Subscribe to Blog via Email
- P-curve can also be used to estimate average effect size rather than power (and, as Blake McShane and Karsten Hansen pointed out to us, when used in this fashion p-curve is virtually equivalent to the maximum likelihood procedure proposed by Hedges in 1984 (.pdf) ). Here we focus on power rather than effect size because we don’t think “average effect size” is meaningful or of interest when aggregating across psychology experiments with different designs (see Colada). Moreover, whereas power calculations only require that one knows the results of the test statistic of interest (e.g., F(1,230)=5.23), effect size calculations require one to also know how the study was defined, a fact that renders effect size estimations much more prone to human error (see page 676 of our article on p-curve and effect size estimation (.pdf) ). In any case, the point that we make in this post applies at least as strongly to an analysis of effect size as it does to an analysis of power: p-curve correctly recovers the true average effect size of the studies that it analyses, even when those studies contain different (i.e., heterogeneous) effect sizes. See Figure 2c in our article on p-curve and effect size estimation (.pdf) and Supplement 2 of that same paper (.pdf) [↩]
- In real life, researchers are probably more likely to collect larger samples when studying smaller effects (see Colada). This would necessarily reduce heterogeneity in power across studies [↩]
- To do this, we changed the blue histogram from d~N(.5,.05) to d~N(.5,.15). [↩]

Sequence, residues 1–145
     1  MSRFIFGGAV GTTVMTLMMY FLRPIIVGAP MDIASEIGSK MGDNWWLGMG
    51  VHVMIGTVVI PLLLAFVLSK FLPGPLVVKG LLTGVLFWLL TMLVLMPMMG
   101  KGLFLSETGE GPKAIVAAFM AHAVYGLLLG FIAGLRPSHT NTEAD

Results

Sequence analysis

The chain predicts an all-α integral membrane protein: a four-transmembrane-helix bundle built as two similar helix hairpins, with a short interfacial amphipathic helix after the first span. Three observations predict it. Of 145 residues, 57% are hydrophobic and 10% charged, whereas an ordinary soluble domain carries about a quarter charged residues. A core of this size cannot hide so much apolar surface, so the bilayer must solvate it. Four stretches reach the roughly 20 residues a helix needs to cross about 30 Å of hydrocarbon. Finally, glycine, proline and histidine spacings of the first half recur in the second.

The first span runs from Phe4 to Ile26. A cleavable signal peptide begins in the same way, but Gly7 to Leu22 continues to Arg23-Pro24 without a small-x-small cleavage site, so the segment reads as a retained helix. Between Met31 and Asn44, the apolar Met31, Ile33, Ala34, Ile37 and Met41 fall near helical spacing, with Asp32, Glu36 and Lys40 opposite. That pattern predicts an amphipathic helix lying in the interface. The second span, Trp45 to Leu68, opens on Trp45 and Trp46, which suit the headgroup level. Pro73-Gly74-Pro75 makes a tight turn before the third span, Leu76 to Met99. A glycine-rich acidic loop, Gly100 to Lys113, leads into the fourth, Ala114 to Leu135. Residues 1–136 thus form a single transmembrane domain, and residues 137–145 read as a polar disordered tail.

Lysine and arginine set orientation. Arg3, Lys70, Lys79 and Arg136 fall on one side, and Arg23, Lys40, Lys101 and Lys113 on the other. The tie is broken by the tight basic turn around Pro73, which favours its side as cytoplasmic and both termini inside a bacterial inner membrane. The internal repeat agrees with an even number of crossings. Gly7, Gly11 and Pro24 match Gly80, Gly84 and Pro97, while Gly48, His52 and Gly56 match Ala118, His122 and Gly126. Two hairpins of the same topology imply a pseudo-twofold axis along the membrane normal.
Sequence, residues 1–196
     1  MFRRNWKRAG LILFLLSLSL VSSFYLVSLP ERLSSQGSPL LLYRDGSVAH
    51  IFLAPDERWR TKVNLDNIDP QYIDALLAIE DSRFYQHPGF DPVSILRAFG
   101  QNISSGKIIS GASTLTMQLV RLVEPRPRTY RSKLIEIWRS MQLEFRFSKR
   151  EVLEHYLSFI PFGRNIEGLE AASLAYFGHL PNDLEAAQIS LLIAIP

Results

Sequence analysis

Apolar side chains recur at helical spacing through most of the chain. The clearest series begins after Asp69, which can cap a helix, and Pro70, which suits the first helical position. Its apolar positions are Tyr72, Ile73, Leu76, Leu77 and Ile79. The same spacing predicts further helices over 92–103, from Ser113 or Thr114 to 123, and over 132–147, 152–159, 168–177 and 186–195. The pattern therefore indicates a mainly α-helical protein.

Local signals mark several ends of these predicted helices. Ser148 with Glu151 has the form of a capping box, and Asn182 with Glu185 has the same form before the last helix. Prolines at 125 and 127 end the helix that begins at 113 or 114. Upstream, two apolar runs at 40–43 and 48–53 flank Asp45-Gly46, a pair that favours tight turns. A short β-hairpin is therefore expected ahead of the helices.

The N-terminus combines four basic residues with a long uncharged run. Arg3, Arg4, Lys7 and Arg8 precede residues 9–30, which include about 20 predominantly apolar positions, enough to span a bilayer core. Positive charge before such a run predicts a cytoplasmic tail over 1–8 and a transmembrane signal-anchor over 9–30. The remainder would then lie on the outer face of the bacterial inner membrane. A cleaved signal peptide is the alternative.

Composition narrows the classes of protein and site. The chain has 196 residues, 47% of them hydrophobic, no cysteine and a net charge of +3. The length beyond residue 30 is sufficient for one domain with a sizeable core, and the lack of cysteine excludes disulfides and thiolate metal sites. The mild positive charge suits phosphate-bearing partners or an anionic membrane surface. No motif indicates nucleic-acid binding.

- We have always been transparent about this. For instance, when we described how to use p-curve for effect size estimation (.pdf) we wrote, “Here is an intuitive way to think of p-curve’s estimate: It is the average effect size one expects to get if one were to rerun all studies included in p-curve.” (p.667). [↩]
- For a more quantitative example check out Supplement 2 (.pdf) of our p-curve and effect size paper. In the middle panel of Figure S2, we consider a scenario in which a research attempts to run an equal number of studies (with n = 20 per cell) testing either an effect size of d = .2 or an effect size of d = .6. Because it necessarily easier to get significance when the effect size is larger than when the effect size is smaller, the share of significant d = .6 studies will necessarily be greater than the share of significant d = .2 studies, and thus p-curve will include more d = .6 studies that d = .2 studies. Because the d = .6 studies will be over-represented among all significant studies, the true average efefct of the significant studies will be d = .53 rather than d=.4. P-curve correctly recovers this value (.53), but it is biased upwards if we expect it to guess d=.4. For an even more quantitative example, imagine the true average effect is d = .5 with a standard deviation of .2. If we study this with many n=20 studies, the average observed significant effect will be d=.91, but the true average effect of those studies is d = .61, which is the number that p-curve would recover. It would not recover the true mean of the population (d = .5) but rather the true mean of the studies that were statistically significant (d = .61). In simulations, the true mean is known and this might look like a bias. In real life, the true mean is, well, meaningless, as it depends on arbitrary definitions of what constitutes the true population of all possible studies; R Code) [↩]
- Again, for both practical and conceptual reasons, we would not advise you to estimate the average effect size, regardless of whether you use p-curve or any other tool. But this has nothing to do with the supposed inability of p-curve to handle heterogeneity. See footnote 1. [↩]
- Uli has proposed using z-curve, a tool he developed, instead of p-curve. While z-curve does not seem to be biased in scenarios with many studies with extreme high-power, it performs worse than p-curve in almost all other scenarios. For example, in the examples depicted graphically in this post, z-curve’s expected estimates are about 4 times further from the truth than are p-curve’s. [↩]